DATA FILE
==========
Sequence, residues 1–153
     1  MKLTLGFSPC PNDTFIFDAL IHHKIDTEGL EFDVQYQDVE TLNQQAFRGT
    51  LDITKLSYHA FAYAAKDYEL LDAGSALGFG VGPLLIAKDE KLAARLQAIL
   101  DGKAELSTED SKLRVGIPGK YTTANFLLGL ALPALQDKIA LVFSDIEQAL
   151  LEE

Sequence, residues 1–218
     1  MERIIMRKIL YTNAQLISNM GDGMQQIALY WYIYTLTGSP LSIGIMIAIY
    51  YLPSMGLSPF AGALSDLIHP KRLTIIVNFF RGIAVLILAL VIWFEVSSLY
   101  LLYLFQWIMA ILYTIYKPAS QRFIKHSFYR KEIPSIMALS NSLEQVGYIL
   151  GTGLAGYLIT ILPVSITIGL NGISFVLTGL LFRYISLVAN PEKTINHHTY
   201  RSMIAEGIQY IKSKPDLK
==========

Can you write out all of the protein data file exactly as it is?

Sequence, residues 1–153
     1  MKLTLGFSPC PNDTFIFDAL IHHKIDTEGL EFDVQYQDVE TLNQQAFRGT
    51  LDITKLSYHA FAYAAKDYEL LDAGSALGFG VGPLLIAKDE KLAARLQAIL
   101  DGKAELSTED SKLRVGIPGK YTTANFLLGL ALPALQDKIA LVFSDIEQAL
   151  LEE

Sequence, residues 1–218
     1  MERIIMRKIL YTNAQLISNM GDGMQQIALY WYIYTLTGSP LSIGIMIAIY
    51  YLPSMGLSPF AGALSDLIHP KRLTIIVNFF RGIAVLILAL VIWFEVSSLY
   101  LLYLFQWIMA ILYTIYKPAS QRFIKHSFYR KEIPSIMALS NSLEQVGYIL
   151  GTGLAGYLIT ILPVSITIGL NGISFVLTGL LFRYISLVAN PEKTINHHTY
   201  RSMIAEGIQY IKSKPDLK